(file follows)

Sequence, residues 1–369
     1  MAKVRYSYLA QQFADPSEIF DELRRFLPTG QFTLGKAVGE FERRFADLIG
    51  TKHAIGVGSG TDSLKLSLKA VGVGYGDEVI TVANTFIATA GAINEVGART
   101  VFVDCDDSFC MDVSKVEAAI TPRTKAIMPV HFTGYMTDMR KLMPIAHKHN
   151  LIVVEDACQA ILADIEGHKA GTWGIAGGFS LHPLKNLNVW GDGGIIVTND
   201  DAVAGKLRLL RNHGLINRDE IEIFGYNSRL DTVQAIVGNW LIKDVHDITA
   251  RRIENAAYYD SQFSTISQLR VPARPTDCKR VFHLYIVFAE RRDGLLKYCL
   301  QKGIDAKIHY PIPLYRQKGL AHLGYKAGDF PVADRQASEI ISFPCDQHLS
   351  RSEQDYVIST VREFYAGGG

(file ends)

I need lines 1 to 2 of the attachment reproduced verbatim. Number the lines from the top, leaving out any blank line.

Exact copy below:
Sequence, residues 1–369
     1  MAKVRYSYLA QQFADPSEIF DELRRFLPTG QFTLGKAVGE FERRFADLIG